KH: When we decided to use the mystery element as the subject of the game, I knew that P4 would be on a smaller scale than P3, so we put more emphasis on the “reality” of the character settings. That’s probably why you guys felt close to them. We tried to avoid making the characters stereotypes, but since the worldview was already pretty far from the ordinary, it naturally followed that the characters were full of originality. People can’t relate to something they’ve never seen before, so we actually put more effort into adding common characteristics — without overdoing it — than we did into differentiating the characters.
1UP: One of the things I like about P4 is that the mystery isn’t solved for you — you actually have to solve it by figuring out who the culprit is, or you won’t unlock the true ending. I actually had a hard time figuring out who the culprit was, because I didn’t want to believe that a character I had a soft spot for could actually be the killer. Was it your intention to create a culprit players probably wouldn’t suspect? And did you intend for P4’s culprit to be the killer from the beginning of the character-design process, or did you design all the characters and then decide which one made the most sense as the killer?
KH: Since “mystery” was one of the main themes, we made sure the “Whodunit?” part wasn’t so easily figured out. The culprit changed a number of times during development, but the character’s design commenced only after it was decided. I wanted the culprit to look like a normal person but leave a moderate impression. It was a difficult request, but I think Soejima did a good job.
1UP: Outside of P4, what’s your choice for game of 2008, and why?
KH: 2008 was so busy…. I’ve been straying away from games in my private life, so I’m not really knowledgeable about the latest titles. [Laughs] I buy them, but they just stack up. Whenever I have time, I focus on hobbies other than games.
SS: This year…I didn’t really have any, either. I do play King of Fighters against my coworkers regularly during lunch breaks. [Laughs] There are a lot of games I’m looking forward to, though.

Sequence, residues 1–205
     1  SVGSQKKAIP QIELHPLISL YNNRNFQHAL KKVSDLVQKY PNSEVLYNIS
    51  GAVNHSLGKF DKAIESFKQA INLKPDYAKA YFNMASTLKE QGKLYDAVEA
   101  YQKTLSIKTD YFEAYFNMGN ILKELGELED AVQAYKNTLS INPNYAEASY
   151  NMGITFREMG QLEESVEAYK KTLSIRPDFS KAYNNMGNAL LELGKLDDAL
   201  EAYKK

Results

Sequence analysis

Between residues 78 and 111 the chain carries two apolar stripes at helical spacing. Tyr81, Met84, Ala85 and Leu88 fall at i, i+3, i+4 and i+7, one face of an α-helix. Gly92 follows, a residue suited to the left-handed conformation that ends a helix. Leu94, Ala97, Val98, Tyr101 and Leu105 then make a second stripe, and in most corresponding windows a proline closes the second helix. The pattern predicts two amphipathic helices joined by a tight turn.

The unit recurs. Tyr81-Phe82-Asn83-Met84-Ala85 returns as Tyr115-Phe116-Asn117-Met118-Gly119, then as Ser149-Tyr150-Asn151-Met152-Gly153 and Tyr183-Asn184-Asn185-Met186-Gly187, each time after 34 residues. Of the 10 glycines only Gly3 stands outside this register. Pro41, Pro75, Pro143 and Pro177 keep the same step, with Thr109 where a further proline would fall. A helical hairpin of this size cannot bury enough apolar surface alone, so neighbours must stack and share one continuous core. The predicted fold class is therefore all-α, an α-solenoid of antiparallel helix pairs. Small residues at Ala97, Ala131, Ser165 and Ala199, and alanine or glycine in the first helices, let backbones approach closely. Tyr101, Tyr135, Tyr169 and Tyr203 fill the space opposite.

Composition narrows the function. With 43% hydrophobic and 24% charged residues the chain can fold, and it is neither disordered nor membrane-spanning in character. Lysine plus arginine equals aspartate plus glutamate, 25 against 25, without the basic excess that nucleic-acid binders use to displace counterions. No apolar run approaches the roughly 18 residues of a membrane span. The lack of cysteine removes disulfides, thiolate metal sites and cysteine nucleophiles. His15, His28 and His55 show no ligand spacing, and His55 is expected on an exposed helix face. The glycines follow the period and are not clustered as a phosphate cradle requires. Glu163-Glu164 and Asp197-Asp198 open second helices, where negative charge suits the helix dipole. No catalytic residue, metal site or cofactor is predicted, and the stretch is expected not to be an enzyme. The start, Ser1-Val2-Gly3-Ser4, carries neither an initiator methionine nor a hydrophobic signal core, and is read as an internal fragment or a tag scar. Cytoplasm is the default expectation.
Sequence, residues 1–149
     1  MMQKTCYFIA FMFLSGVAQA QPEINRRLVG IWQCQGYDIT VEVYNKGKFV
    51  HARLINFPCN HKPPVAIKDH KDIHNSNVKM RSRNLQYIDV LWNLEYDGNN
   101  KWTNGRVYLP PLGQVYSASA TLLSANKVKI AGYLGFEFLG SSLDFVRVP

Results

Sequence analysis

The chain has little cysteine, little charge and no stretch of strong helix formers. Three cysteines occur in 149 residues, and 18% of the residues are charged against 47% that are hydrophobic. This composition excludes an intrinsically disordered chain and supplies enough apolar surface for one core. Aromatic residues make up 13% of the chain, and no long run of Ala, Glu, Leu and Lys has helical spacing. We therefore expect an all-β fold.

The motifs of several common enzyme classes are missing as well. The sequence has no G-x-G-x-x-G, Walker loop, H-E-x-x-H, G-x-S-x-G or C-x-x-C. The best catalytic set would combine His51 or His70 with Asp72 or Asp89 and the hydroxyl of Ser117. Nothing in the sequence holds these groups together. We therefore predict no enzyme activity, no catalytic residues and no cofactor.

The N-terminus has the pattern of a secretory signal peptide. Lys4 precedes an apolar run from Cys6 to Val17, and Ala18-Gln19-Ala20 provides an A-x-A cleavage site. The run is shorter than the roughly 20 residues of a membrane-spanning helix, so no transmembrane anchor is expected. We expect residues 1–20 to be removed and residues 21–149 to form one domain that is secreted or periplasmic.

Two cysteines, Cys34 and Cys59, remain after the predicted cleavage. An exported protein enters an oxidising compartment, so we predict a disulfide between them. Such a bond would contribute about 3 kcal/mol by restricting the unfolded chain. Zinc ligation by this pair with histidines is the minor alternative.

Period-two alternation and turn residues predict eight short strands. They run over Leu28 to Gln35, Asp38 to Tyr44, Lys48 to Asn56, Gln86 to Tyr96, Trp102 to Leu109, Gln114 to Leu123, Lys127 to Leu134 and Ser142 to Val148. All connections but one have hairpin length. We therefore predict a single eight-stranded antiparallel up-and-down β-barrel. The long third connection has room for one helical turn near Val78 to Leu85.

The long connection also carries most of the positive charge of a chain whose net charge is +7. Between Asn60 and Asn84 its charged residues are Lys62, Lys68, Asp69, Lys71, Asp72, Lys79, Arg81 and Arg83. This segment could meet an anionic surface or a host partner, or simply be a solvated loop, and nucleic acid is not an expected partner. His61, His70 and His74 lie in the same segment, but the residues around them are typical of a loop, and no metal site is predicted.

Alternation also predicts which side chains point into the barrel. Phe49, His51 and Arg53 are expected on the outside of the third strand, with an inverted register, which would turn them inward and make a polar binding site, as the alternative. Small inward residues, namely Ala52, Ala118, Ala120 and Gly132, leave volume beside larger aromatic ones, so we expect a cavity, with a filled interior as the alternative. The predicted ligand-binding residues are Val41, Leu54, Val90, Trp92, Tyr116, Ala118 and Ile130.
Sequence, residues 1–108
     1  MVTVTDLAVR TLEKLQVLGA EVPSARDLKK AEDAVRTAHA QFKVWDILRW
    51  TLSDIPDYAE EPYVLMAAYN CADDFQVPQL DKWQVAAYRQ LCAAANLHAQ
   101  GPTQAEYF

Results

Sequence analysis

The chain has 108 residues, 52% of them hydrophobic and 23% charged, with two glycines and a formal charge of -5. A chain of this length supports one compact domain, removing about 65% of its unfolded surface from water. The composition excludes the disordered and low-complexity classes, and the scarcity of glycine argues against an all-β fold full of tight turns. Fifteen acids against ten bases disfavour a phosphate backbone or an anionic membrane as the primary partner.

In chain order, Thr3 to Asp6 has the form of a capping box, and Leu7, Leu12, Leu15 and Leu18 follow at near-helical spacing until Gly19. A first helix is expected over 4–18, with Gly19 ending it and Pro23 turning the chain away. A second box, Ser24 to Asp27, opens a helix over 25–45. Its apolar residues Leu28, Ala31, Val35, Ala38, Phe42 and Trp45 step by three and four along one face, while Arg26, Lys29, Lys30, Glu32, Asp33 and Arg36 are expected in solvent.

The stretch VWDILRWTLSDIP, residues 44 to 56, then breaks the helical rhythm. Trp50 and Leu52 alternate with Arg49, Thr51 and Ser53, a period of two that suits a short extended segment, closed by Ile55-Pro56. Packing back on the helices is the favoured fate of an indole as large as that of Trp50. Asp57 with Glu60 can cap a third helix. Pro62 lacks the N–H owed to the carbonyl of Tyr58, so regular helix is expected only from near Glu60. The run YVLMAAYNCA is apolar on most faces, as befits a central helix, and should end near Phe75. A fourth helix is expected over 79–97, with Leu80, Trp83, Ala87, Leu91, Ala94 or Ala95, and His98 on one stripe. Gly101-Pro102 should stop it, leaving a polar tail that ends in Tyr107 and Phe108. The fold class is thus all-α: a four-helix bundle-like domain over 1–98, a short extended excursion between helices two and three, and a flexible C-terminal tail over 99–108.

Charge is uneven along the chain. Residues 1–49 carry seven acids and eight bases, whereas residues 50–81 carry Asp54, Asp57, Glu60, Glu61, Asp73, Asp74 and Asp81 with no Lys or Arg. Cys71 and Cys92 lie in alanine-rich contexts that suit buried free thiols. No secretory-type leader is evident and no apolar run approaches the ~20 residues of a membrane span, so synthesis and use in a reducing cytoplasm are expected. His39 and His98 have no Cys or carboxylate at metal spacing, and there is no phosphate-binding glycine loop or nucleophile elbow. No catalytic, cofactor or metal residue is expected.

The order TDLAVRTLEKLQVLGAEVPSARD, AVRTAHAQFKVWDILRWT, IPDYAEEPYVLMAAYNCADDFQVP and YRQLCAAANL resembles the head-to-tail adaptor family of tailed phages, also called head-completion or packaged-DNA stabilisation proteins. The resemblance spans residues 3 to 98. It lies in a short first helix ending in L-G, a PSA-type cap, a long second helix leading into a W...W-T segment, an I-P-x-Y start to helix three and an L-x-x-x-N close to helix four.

1UP: Can you reveal any sort of secrets or Easter eggs that players might’ve missed out on during their first playthrough?
KH: The fake Batman-like doll at the hamburger shop in P3 is called “WILD HERO,” and the DVD of it is in the P4‘s protagonist’s room. The designer put it in there, but I don’t know if you can get the right camera angle to actually confirm it! [Laughs]
1UP: On the localization side, were there any content cuts or censorship issues with P4? The only potential one I can think of is the King’s Game scene on the school trip to Tatsumi Port Island, which possibly depicted underage drinking in the Japanese version. Or was the dialogue completely the same in both versions? And if you do need to make changes, is Atlus Japan generally receptive?
Yu Namba: Nothing was omitted in the U.S. version of P4. The King’s Game scene really didn’t make much sense, even in the original Japanese version — I mean, who would behave like that without drinking, right? But we just left it as is because it was explained in the scene that none of the drinks were alcoholic. To be honest, we didn’t make drastic changes to any of our recent MegaTen titles. But if we come across something that requires a major change to the game, we definitely contact Atlus Japan before making a decision.
1UP: Kanji’s sexuality and Naoto’s gender issues are probably the most controversial aspects of the game for North American players. We’re a lot more open about that kind of stuff in the West, and while EGM’s reviewers weren’t offended, I’m worried that perhaps some gay players — or straight players, for that matter — might take Kanji’s story the wrong way. Did you discuss how you wanted Kanji portrayed in the localization, and did you make any extra effort to read over the lines that referenced his sexuality in order to make sure it wouldn’t be taken as offensive? And was it an issue for the voice actor to portray the “effeminate Kanji” at all, since he goes a little over the top with the delivery?